Made in or Made how? Made in France and Perdième

Le drapeau français, symbole du Made in France

The 9th edition of MIF Expo , the Made in France Show , was held at Paris Expo Porte de Versailles from November 11 to 14, 2021. This annual event, launched in 2012, displays a clear and ambitious objective: “the promotion the know-how of companies of all sizes and from all sectors which have chosen Made in France1 . Perdième, a young French brand curious about French initiatives and innovations , visited the site. Like the 100,000 people who visited the exhibition over these 4 days, we met many small creators and large companies, among the 830 exhibitors 2 . An increase in attendance, compared to the 80,000 visitors and 570 exhibitors of the previous edition in 2019 3 . Figures which seem to demonstrate a growing interest among French consumers in products labeled blue-white-red . What better context to talk to you about Made in France in more detail? What exactly is “ Made in France ”? What do we call “ Frenchwashing ”? And why at Perdième, we opted for European rather than French manufacturing ?

The banner of the Salon du Made in France 2021

Made in France: what is it?

“Made in France”, a marking for products of French origin

The words “Made in”, or its French version “Made in”, is what we call a marking of origin or even an indication of origin. This is information that a company can write on the products it sells to inform the consumer about their manufacturing origin. “Made in France”, or its equivalent “Made in France”, is a marking used for goods of French origin.

The optional “Made in France” label for non-food goods

In Europe, indicating the origin of a product on its packaging is an obligation only for certain types of foodstuffs (fruits and vegetables, meat, fishery products, etc.) 4 , in compliance with health safety rules. For non-food products, it is optional. The manufacturer or distributor is completely free to include or not this data on their merchandise.

Products stamped Made in France

“Made in France”, a regulated and controlled claim

When a company decides to affix the label “Made in France” to its products, it does not need to first go through an external body which authorizes it to use this label. It can certainly make a request for Information on Made in France (IMF) 5 from the General Directorate of Customs and Indirect Duties to be supported in this process, but this is not an obligation. The indication “Made in France” is therefore what we call a commercial claim 6 , that is to say a purely declarative statement put forward to promote a product. Not to be confused with a labeling process which requires compliance with precise specifications validated by an independent certification body.

However, the company must ensure that it complies with the rules governing origin marking, that is to say:

  • the rules of the Consumer Code;
  • the non-preferential origin rules of the European Union Customs Code.

According to the Consumer Code, the claim “Made in France” or “Made in France” must be able to be justified at any time and must in no case mislead the consumer.
For their part, the customs rules of non-preferential origin define the criteria determining the “nationality” of a good, that is to say the country in which it was produced. The exercise is simple when this merchandise is manufactured exclusively from components coming from a single country and no processing has been applied to it outside this territory. We speak of a product “entirely obtained” in a single country. The matter becomes more complicated when a finished product comes from a succession of processing stages – raw materials, machining, assembly, packaging, etc. – which each takes place in a different country. In this case, it is stipulated that the final product originates from the country where it underwent its last substantial transformation.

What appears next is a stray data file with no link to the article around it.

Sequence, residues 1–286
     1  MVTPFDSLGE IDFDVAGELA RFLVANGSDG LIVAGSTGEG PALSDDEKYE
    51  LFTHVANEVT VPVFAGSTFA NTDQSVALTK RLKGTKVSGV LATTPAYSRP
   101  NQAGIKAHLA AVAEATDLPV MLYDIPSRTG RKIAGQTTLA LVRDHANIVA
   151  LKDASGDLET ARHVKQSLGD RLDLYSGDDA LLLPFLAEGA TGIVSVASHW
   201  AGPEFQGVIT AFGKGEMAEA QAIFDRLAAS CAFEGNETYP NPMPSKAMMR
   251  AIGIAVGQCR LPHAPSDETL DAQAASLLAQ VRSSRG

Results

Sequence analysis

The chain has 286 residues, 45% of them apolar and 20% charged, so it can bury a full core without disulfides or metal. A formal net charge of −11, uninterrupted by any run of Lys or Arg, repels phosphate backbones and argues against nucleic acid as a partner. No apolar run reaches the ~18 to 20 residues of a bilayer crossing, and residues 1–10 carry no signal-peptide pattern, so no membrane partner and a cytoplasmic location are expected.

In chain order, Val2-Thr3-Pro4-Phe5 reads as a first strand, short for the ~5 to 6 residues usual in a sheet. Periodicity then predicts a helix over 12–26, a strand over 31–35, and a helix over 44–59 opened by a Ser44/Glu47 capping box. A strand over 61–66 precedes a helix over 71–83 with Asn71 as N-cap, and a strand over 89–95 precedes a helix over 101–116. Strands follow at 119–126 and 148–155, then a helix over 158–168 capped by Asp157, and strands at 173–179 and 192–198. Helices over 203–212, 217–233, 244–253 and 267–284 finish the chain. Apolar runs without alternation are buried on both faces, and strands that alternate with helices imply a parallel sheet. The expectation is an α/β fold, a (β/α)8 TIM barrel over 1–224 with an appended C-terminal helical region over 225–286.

In the event of non-compliance with these rules, the company may be sanctioned for deceptive commercial practices or deception as to origin. In France, control of the origin marking is entrusted to:

  • the General Directorate of Customs and Indirect Duties (DGDDI), i.e. French customs, which checks compliance of the “Made in France” label with European regulations during importation;
  • the Directorate General for Competition, Consumer Affairs and Fraud Control (DGCCRF), which inspects the labels of goods once the products are marketed on French soil.

“Made in France” does not mean 100% French

The last “substantial transformation” undergone by a commodity therefore makes it possible to determine its non-preferential origin when several countries are involved in its production chain. This notion is complex and depends on the type of product considered. In a simplified manner, a transformation can be qualified as substantial if:
  • it is part of a list of specific transformations legally defined for each type of product;
  • it constitutes a change in the tariff position of the product in the customs classification;
  • and/or it leads to an increase in the added value of the product 6 .
For example :
  • “a nightgown made in France from Indian fabrics can claim French origin, if all the operations following the cutting of the fabrics are carried out in France” 6 ;
  • “a piece of silver jewelry from Germany, processed in France, originates from the country from which the majority of the materials come from on the basis of value. This jewel will therefore be considered to originate from Germany although know-how operations are carried out in France” 7 .
Consequently, the fact that a product bears a “Made in France” label does not necessarily mean that it was entirely manufactured on French territory.